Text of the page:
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Photo credit: Herbert F. Johnson Museum of Art, Cornell University

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Title: Untitled, from the series Cambodia: Splendor and Darkness
Date: 1998
Medium: Cut and woven chromogenic prints and linen tape
Dimensions: 63 × 44 inches (160 × 111.8 cm)
Credit Line: Acquired through the George and Mary Rockwell Fund
Object Number: 2014.001
Label Text: During his childhood in Ha Tien, a Vietnamese town near the border with Cambodia, Dinh Q. Lê witnessed violent incursions by the Khmer Rouge. In the late 1970s he and his family settled in the United States as refugees, and Lê later received an MFA from the School of Visual Arts in New York. The series Cambodia: Splendor and Darkness (1994-9) marked a significant moment in his practice, occurring around the time that Lê decided to return to Vietnam and make his home in Ho Chi Minh City. It is the first major series in which he used the method of interweaving strips of photographs, following bamboo mat weaving techniques he learned from his aunt during his childhood. Here he juxtaposes two different images associated with Cambodia: bas-reliefs of battle scenes from the 12th-century temple of Angkor Wat, and photographs of prisoners from the Khmer Rouge detention center known as S-21, now the Tuol Sleng Genocide Museum. Lê creates a dialogue between two episodes of Cambodian history that he sees as intrinsically rooted in violence, producing an alternative means of memorializing these victims.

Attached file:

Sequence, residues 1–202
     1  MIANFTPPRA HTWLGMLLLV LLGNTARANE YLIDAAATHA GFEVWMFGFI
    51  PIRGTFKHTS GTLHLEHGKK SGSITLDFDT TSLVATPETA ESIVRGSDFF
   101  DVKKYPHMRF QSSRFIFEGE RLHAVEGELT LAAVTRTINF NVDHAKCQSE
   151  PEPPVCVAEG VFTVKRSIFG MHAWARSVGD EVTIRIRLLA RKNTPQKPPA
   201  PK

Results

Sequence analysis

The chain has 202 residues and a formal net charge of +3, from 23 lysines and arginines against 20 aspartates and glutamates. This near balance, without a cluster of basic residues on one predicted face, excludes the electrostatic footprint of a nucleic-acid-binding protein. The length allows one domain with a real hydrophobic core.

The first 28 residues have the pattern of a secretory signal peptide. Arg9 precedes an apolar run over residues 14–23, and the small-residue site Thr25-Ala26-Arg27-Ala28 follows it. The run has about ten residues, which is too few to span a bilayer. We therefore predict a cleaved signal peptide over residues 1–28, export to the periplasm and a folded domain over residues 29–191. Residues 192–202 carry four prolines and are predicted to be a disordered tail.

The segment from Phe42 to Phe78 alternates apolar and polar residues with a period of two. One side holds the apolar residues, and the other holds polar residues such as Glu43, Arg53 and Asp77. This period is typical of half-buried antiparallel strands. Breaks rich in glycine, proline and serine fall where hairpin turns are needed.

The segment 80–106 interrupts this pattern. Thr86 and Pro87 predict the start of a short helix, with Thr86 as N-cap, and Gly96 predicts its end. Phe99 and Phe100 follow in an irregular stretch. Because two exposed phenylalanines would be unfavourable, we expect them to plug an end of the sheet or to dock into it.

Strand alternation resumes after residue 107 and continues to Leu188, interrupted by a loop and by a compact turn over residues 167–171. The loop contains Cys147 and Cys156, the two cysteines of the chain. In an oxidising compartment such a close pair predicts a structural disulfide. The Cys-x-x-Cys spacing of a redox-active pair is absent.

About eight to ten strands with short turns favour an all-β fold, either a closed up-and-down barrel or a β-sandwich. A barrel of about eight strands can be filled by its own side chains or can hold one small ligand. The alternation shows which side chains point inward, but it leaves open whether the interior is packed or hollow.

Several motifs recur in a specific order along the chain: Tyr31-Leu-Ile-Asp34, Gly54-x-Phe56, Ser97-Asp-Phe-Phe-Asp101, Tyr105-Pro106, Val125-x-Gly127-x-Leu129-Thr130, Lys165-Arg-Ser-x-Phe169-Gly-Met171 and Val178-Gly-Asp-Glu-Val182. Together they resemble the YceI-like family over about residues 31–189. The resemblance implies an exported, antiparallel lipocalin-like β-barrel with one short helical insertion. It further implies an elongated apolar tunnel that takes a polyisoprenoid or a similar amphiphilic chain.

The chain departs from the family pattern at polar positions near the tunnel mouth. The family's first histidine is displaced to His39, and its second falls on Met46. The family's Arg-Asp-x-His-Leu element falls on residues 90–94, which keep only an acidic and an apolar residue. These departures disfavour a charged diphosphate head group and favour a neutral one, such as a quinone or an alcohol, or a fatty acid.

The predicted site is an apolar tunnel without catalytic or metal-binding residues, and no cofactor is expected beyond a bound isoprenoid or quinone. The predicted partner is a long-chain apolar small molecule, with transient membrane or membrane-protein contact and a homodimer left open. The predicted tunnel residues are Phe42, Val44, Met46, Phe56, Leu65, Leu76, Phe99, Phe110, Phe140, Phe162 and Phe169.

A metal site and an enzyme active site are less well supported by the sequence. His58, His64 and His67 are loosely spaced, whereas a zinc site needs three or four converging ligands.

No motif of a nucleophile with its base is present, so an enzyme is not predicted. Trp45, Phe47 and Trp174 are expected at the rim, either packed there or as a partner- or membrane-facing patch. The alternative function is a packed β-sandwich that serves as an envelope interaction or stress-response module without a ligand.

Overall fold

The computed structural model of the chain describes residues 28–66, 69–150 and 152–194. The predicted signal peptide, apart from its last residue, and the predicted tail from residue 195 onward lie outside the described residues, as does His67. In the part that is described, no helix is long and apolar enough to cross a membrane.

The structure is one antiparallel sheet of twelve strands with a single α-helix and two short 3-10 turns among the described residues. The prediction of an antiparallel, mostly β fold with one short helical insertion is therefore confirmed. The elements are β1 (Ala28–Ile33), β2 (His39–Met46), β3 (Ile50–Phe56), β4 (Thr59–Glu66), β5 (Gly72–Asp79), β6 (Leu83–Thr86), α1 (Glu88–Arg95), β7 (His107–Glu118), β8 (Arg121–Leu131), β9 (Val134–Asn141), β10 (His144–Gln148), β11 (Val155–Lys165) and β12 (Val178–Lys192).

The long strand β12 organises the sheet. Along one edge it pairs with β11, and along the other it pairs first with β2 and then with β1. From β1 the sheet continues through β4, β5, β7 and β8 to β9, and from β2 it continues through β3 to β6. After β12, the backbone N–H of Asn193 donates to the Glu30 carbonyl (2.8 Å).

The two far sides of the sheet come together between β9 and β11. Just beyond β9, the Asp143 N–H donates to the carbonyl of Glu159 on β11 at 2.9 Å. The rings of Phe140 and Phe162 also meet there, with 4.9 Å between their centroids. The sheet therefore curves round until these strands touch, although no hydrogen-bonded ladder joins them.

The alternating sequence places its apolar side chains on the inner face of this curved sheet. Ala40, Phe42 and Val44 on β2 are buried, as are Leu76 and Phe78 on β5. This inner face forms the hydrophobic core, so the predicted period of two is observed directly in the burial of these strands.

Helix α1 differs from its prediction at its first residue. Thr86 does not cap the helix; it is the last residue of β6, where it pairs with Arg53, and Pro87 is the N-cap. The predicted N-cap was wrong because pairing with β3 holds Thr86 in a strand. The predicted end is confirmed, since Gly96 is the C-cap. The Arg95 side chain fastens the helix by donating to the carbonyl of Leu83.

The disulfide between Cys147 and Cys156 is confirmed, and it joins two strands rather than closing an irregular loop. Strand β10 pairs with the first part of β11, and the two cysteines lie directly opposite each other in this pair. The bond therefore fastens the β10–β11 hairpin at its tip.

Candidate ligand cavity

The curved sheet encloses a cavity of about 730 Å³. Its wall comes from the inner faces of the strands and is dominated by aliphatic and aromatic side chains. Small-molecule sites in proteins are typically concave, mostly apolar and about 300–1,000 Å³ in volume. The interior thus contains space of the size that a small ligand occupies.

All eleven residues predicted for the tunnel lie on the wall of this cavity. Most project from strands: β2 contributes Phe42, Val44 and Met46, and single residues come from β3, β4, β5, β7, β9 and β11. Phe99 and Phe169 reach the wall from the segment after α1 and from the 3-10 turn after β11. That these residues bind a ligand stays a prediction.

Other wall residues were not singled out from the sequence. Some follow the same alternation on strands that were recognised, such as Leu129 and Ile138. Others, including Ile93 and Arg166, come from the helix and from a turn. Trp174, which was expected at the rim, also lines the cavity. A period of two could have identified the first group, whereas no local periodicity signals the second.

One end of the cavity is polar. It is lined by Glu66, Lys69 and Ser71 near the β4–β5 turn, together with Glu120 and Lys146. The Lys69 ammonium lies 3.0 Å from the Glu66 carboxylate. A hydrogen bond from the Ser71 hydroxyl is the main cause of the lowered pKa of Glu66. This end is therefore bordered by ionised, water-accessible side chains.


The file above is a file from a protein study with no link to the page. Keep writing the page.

NOTE: This electronic record is compiled from historic documentation which may not reflect the Johnson Museum's complete or current knowledge of the object. Review and refinement of such records is ongoing.